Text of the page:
So I spent most of Labor Day Weekend 2018 writing. I took off Friday and also Tuesday and it gave me a feel for what it would be like to be a full-time writer. It’s really quite nice. Coffee as constant companion. Maybe I got a bit carried away with that as my eye is now twitchy. Instrumental music. Thank you, Amazon Prime Music. And puppy Noodle occasionally kept me company.
The goal was to the finish the holiday novel. I got close. Like last chapter close. Maybe there will be an epilogue but it might not be necessary. It’s about 5 PM now and I just had to quit. Burn out, I guess. That means I won’t finish until next weekend. But I do feel confident about that. We are down to boy getting back together with boy. And I do love those reconciliation scenes.
I haven’t shared any of the WIP here, so I thought maybe it was time I did. Here’s a taste. Merry Christmas!
Cheryl took pity on Baz and began explaining what Chance had meant. “There’s a silent auction for charity and we contribute ornaments.” She tilted her head toward Matt. “Matt’s figurines bring in the most money, of course. It’s held during the charity dance.” Glancing at Chance she added, “Chance calls it a ‘New Year’s Eve ball’.”
“I don’t remember that,” Baz said.
Pushing her empty plate back away from her with a low groan, Stephanie patted her stomach. “Ugh. That was just too good.” Returning to the earlier topic, she explained, “It started three years ago. I joined that committee, remember?”
Baz tilted his head to the side considering, “The Chamber of Commerce charity group?”
“Yep,” Stephanie said, popping the ‘p’.
“Steph thought up the dance idea.”
Answering his mother, Baz asked, “Where do you hold it?”
“The Elk Lodge donates their space.”
Chance interrupted Baz’s next question. “They create a fairy land.”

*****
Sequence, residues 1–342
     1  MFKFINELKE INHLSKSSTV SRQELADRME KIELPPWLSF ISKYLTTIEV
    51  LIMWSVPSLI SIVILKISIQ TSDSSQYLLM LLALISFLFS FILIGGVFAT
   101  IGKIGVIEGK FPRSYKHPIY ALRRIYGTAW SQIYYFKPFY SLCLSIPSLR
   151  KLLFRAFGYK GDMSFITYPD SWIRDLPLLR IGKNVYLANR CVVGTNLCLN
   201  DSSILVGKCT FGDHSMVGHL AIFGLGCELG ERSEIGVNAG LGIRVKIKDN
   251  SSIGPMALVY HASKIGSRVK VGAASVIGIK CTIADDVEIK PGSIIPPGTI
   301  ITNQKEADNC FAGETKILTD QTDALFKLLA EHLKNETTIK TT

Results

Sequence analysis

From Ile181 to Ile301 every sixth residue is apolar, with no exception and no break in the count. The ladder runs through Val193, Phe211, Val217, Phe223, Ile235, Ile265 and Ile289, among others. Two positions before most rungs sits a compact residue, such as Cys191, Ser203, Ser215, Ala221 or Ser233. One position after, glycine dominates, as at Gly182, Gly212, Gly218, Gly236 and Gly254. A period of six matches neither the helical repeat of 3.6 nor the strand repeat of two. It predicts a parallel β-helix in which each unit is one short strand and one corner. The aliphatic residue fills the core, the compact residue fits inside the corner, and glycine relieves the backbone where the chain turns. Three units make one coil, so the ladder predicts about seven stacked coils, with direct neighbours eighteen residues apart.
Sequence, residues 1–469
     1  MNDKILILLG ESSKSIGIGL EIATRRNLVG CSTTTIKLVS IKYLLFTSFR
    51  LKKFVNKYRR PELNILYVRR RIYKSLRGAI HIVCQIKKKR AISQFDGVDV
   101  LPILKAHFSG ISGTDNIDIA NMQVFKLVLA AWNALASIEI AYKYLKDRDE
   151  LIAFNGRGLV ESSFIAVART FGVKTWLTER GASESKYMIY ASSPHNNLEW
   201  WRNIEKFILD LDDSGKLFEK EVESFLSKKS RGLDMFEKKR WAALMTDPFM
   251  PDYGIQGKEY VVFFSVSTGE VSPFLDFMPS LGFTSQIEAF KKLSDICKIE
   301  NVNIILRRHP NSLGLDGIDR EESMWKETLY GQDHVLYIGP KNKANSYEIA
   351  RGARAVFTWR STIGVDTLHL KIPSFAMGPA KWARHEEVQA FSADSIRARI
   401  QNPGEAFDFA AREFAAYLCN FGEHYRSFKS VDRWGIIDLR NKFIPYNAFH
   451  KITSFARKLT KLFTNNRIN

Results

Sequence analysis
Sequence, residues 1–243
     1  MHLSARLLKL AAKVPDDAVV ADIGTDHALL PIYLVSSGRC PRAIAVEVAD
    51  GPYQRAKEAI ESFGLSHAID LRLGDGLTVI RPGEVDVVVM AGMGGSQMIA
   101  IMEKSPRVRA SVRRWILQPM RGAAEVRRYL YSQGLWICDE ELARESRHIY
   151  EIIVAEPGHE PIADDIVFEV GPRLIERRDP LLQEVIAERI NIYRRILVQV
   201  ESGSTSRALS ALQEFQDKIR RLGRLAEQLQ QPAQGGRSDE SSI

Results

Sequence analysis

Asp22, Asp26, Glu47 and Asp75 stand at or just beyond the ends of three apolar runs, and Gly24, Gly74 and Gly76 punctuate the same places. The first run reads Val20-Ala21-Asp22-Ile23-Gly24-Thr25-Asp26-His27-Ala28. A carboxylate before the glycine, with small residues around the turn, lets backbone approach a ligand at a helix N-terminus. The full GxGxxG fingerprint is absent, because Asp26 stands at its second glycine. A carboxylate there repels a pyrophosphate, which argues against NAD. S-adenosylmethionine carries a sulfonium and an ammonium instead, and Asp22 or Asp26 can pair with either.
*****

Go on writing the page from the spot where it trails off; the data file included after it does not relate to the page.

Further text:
Smiling, Matt nodded. “We light the place up and Cheryl can do wonder with some cheap tulle fabric we got in bulk. I bet you got your party planning skills from her.”
Blushing, Cheryl dipped her head. “I don’t know about that.”
“Don’t get bashful. You make it magical.”
The words hung in the air with no one speaking for a long moment. Matt recalled last year’s charity dance. The first year he’d accompanied Cheryl and Stephanie. Last year, his best friend had a date. Hanging with Ma was fine but it had left him a little lonely. Later that same evening he’d disappeared and drove a few miles out of town where a dive gay bar resided. As usual some men home for the holidays and also lonely were partying and it didn’t take long to select someone to share a few hours with.
His eyes instinctively turned to Baz. He’d never met anyone as good looking or accomplished as Baz at that place, at any time of the year.
“We usually all go together. You’ll come, right Sebbie?”
Bug-eyed, Baz dropped the bread he’d been holding. “What?”
“The New Year’s Eve dance. You have to come. In fact, you should help—I mean that’s what you do, right?”
“I don’t really dance.”
Steph was having none of that and rolled her eyes exaggeratedly. “I know that. But nobody plans an event like you do. I mean, we don’t change it up much year to year because if it’s not broken, why fix it? That said, we do try to introduce a new theme each time. We’ll be meeting up soon with the Committee to plan for this year.”
“But its not just about the dance. We raise money for Holiday Helpers. They help provide meals for the needy all year round, but during the holidays, like Thanksgiving and Christmas and such they go out of their way to ensure special meals. Matt’s been helping them out for years.
Face warming Matt felt all eyes on him. “That’s what the event is about. Nobody should be hungry ever. But around the holidays…well, it’s worse somehow.”
The intensity of Baz’s gaze caught Matt’s breath. “Guess I’m going to a ball, then.”